EECS Special Seminar: Yatish Turakhia: Domain-specific acceleration of genomics to enable biological discoveries
, Genomics Institute, UC Santa Cruz
Date: Thursday, February 27, 2020
Time: 4:00 PM to 5:00 PM Note: all times are in the Eastern Time Zone
Location: Kiva 32-G449
Event Type: Seminar
Host: Professor Daniel Sanchez
Contact: Fern D Keniston, email@example.com
Speaker URL: None
TALK: EECS Special Seminar: Yatish Turakhia: Domain-specific acceleration of genomics to enable biological discoveries
Genome sequencing data continues to rise exponentially at a rate (125%/year) that far outpaces transistor performance scaling (currently 3%/year). New medical and comparative genomics applications have emerged that ensure that the demand for more sequencing will continue to rise. As genomics data overwhelms our current compute capacity, domain-specific acceleration (DSA), i.e. using specialized hardware for accelerating a narrow domain of algorithms, will enable us to tap the vast potential of this data.
In this talk, I will present the design of two co-processors (Darwin and Darwin-WGA) for the applications of long-read genome assembly and cross-species whole-genome alignments. I will demonstrate how specialized hardware can provide massive speedup (1,000-10,000x) for genomic computations using a hardware-software co-design approach and how hardware can sometimes also facilitate new discoveries by enabling computations that are otherwise prohibitive in software. In the second half of my talk, I will show how we used whole genome alignments in our research to make fascinating biological discoveries, including finding the molecular basis of convergent evolution and hundreds of gene losses in mammals. In the end, I will highlight how hardware-acceleration would be indispensable to solve the emerging problems in genomics.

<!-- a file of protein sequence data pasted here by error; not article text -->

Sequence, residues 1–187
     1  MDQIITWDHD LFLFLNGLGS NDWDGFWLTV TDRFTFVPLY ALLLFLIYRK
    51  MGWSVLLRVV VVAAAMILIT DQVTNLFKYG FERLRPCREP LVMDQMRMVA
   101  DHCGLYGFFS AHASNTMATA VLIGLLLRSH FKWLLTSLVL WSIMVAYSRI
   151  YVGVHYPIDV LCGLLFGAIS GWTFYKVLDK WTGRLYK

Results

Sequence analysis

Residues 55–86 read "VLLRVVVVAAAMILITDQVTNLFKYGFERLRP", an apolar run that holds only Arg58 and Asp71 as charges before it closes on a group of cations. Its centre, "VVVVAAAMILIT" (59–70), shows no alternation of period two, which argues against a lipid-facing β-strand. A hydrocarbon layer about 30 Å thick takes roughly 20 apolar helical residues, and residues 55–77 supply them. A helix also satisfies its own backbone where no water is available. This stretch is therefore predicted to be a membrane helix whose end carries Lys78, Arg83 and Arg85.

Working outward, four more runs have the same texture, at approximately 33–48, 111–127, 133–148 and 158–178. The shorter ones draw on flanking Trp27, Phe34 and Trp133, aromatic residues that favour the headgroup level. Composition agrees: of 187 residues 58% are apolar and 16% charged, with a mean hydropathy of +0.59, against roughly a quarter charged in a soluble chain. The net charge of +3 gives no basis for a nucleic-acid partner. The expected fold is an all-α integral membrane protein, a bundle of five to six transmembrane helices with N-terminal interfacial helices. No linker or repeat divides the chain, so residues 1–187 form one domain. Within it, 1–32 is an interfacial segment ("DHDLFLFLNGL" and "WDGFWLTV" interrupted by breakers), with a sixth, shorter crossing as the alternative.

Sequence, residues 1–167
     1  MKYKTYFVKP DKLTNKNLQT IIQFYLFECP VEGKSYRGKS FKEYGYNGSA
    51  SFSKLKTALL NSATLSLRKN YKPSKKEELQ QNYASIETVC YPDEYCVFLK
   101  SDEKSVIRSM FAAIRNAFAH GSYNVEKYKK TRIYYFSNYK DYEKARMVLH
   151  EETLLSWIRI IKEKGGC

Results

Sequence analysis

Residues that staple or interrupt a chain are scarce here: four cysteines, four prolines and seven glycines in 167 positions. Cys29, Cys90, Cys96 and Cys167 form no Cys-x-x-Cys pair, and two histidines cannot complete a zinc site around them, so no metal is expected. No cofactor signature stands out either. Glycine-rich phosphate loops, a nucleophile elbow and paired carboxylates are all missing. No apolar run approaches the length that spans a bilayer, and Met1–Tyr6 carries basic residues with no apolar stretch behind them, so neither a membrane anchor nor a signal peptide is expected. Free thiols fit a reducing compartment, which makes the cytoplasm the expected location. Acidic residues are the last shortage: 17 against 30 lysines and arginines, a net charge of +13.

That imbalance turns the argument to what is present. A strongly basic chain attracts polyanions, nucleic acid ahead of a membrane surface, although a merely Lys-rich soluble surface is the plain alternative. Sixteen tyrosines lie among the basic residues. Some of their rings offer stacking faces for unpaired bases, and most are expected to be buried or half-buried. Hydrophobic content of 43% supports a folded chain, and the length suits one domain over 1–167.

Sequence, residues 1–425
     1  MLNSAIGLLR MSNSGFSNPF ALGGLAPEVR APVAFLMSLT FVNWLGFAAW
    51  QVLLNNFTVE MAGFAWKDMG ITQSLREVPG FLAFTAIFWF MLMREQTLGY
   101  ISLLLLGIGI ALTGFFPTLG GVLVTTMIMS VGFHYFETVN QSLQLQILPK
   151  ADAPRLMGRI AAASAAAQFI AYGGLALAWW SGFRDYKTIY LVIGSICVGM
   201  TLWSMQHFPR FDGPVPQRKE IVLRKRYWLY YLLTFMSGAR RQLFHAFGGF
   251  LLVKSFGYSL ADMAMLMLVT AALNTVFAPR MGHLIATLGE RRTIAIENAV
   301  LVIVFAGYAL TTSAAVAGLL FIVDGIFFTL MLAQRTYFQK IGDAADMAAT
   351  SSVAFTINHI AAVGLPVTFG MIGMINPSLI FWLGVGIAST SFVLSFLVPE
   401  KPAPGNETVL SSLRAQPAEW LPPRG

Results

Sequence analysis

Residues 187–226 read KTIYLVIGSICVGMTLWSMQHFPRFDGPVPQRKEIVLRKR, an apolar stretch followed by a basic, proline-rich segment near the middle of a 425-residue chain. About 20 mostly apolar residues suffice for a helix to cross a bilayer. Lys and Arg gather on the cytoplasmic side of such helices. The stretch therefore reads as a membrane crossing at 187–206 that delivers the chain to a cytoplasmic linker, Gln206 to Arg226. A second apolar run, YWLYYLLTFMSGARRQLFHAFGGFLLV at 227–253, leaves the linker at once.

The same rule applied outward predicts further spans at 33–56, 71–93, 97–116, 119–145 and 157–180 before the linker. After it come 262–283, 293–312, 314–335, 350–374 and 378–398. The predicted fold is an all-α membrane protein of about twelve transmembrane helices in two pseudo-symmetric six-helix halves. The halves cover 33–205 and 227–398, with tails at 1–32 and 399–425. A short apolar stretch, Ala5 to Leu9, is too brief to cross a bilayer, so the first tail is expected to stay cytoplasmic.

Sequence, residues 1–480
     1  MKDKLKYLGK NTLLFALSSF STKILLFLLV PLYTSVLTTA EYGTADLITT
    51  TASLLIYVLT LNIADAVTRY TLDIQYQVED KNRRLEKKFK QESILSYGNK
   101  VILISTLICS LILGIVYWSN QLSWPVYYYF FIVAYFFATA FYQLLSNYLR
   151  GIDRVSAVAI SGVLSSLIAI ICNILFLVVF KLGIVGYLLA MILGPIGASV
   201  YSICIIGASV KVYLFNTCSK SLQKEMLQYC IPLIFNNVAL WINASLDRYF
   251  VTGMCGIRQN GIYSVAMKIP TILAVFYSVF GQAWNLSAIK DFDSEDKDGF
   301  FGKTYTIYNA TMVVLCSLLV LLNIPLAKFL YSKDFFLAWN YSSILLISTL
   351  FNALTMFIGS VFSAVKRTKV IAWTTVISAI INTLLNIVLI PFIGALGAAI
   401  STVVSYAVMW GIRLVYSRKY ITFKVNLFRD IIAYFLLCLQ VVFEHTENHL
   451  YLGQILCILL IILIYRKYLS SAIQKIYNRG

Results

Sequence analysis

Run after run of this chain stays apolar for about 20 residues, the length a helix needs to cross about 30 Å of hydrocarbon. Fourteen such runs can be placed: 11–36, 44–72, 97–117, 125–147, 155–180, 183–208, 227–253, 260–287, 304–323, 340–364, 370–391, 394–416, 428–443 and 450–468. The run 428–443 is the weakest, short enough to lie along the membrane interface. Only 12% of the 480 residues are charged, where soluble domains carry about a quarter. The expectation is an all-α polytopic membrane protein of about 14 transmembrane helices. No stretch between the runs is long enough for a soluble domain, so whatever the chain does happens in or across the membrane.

Dr. Yatish Turakhia is a postdoctoral research at Genomics Institute, UC Santa Cruz, where he is jointly advised by Prof. David Haussler and Prof. Benedict Paten. His research interests are in developing hardware accelerators and algorithms for faster and cheaper genomic analysis. Dr. Turakhia obtained his PhD from Stanford University in 2019, where he was jointly advised by Prof. Bill Dally and Prof. Gill Bejerano. His work has won the best paper award at ASPLOS 2018 and IEEE Micro Top Picks award 2018. He is also a recipient of the NVIDIA Graduate Fellowship (2016).
Computational Biology, Computer Architecture, Programming Languages & Software, Systems & Networking
Created by Fern D Keniston at Monday, February 24, 2020 at 8:27 PM.